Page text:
DOE work in hand as far as hydrocarbons was concerned included the IEP, which had been underestimated as far as complexity was concerned; the Gas Amendment Bill, which still had to be completed, as did the Petroleum Amendment Bill and regulations on the mandatory blending of biofuels – all as originally planned for 2012. In fact the total integrated energy centre programme was delayed due to administrative and logistical challenges, as is currently the twenty year energy plan.

DDG Maqubela confirmed that a major issue was the non-completion of the strategic stocks framework plan. However, work satisfactorily in progress was the fuel pricing framework review; a programme for incentivising the application of cleaner fuels and for a number of good reasons, an LPG strategy remained held up.

Ompi Aphane, then DDG clean energy and electricity,  outlined DOE’s role where the role and contribution of energy to local manufacturing was concerned, factors involving the “green economy” and energy efficiency and the demand side management of electricity generation, all of which he said played critical roles in South Africa’s energy future.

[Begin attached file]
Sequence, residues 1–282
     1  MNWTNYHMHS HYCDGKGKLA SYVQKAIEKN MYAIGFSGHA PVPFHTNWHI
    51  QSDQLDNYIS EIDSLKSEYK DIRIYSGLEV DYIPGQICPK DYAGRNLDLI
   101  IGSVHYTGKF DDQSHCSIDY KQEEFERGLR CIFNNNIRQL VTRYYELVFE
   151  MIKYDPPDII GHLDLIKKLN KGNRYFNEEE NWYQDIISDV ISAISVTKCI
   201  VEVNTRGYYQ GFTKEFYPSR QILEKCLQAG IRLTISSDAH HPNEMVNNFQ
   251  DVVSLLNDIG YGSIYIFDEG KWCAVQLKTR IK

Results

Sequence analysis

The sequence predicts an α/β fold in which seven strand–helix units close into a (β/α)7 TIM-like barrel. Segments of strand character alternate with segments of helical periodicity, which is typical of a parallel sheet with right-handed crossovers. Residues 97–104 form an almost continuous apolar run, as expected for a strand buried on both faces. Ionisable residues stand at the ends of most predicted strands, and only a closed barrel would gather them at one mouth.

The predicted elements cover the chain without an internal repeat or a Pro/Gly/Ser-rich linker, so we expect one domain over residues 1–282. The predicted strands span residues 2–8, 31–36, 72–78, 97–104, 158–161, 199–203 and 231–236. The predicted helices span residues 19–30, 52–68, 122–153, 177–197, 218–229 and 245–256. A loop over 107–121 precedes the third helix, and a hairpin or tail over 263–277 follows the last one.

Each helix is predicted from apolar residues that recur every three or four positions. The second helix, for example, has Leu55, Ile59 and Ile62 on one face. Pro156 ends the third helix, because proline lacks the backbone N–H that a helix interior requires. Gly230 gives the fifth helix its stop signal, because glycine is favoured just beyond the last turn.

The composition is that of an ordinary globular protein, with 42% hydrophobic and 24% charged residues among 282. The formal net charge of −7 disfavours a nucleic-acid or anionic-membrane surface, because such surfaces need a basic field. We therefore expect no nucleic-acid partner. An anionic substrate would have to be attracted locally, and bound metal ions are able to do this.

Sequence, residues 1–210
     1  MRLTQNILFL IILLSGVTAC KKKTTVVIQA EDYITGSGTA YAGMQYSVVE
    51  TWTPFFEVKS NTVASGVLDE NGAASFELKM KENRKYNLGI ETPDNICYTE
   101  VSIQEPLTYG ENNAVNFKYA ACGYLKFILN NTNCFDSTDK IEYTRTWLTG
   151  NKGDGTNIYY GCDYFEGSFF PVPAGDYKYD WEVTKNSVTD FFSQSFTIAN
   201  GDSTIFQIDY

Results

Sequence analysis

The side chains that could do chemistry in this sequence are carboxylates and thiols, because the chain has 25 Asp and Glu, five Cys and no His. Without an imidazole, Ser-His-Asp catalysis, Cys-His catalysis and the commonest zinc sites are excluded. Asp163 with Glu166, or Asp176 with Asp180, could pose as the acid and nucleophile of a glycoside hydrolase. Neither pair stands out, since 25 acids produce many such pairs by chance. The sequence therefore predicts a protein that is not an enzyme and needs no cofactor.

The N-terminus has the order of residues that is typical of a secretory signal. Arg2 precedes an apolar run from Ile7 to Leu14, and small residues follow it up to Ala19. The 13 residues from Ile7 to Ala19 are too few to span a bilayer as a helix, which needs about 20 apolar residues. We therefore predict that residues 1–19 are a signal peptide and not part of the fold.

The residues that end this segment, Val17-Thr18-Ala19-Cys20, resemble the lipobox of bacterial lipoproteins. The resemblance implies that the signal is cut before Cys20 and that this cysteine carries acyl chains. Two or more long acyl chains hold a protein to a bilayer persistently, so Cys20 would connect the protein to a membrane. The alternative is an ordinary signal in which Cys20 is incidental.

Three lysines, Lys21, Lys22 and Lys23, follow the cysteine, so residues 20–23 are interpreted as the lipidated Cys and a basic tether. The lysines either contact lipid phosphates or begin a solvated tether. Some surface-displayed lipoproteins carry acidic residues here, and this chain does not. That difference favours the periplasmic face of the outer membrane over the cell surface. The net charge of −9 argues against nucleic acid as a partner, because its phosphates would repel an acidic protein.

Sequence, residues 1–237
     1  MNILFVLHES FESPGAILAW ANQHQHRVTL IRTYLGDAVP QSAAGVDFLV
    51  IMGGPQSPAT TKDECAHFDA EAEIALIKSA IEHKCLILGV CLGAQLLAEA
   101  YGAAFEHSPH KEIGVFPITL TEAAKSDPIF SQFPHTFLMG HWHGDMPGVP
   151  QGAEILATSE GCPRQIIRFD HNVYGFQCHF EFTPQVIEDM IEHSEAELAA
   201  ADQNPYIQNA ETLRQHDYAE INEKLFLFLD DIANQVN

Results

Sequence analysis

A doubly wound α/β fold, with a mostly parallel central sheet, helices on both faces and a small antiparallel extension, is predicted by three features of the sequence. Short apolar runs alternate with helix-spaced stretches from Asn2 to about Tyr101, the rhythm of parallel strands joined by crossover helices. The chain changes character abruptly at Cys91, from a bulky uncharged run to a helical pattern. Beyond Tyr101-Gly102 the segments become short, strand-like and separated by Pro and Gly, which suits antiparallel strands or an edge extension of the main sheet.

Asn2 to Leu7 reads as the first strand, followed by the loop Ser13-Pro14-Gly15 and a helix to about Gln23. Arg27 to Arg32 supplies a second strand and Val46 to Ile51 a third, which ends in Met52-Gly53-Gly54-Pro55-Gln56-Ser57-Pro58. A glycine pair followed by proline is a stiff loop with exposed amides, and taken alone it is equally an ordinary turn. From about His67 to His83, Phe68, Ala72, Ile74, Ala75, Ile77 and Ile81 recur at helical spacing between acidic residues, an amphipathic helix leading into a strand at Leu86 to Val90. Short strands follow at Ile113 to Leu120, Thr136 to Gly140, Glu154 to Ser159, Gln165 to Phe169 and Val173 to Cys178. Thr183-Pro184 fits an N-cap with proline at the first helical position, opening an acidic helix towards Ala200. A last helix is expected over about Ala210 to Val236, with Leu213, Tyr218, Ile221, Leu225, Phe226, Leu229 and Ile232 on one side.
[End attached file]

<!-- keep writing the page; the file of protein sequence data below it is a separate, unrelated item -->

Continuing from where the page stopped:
He said the restructuring of the EDI and infrastructure rehabilitation still formed a major part of his department’s activities, as did the re-pricing of electricity generally. This was an ongoing situation which South Africa was grappling with.

There was part progress on the South Africa energy renewable programme at this stage and he gave parliamentarians an outline of the photovoltaic, wind, small hydro and solar energy bidding process, as it now stood.